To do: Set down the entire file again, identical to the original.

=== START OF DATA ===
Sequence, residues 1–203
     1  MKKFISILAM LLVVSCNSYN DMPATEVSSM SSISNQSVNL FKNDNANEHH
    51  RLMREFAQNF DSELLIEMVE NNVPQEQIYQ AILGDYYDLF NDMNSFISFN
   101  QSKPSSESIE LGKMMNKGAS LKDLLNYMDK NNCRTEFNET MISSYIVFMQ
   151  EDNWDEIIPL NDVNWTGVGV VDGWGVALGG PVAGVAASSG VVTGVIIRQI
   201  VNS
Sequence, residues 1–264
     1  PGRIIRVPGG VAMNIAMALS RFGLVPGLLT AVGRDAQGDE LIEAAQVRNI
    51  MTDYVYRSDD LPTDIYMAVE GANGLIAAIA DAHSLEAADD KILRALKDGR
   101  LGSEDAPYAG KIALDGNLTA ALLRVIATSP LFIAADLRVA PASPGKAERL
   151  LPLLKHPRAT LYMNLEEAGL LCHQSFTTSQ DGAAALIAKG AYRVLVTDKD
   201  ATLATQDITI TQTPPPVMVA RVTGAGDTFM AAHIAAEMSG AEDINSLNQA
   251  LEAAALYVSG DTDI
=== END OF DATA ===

Sequence, residues 1–203
     1  MKKFISILAM LLVVSCNSYN DMPATEVSSM SSISNQSVNL FKNDNANEHH
    51  RLMREFAQNF DSELLIEMVE NNVPQEQIYQ AILGDYYDLF NDMNSFISFN
   101  QSKPSSESIE LGKMMNKGAS LKDLLNYMDK NNCRTEFNET MISSYIVFMQ
   151  EDNWDEIIPL NDVNWTGVGV VDGWGVALGG PVAGVAASSG VVTGVIIRQI
   201  VNS
Sequence, residues 1–264
     1  PGRIIRVPGG VAMNIAMALS RFGLVPGLLT AVGRDAQGDE LIEAAQVRNI
    51  MTDYVYRSDD LPTDIYMAVE GANGLIAAIA DAHSLEAADD KILRALKDGR
   101  LGSEDAPYAG KIALDGNLTA ALLRVIATSP LFIAADLRVA PASPGKAERL
   151  LPLLKHPRAT LYMNLEEAGL LCHQSFTTSQ DGAAALIAKG AYRVLVTDKD
   201  ATLATQDITI TQTPPPVMVA RVTGAGDTFM AAHIAAEMSG AEDINSLNQA
   251  LEAAALYVSG DTDI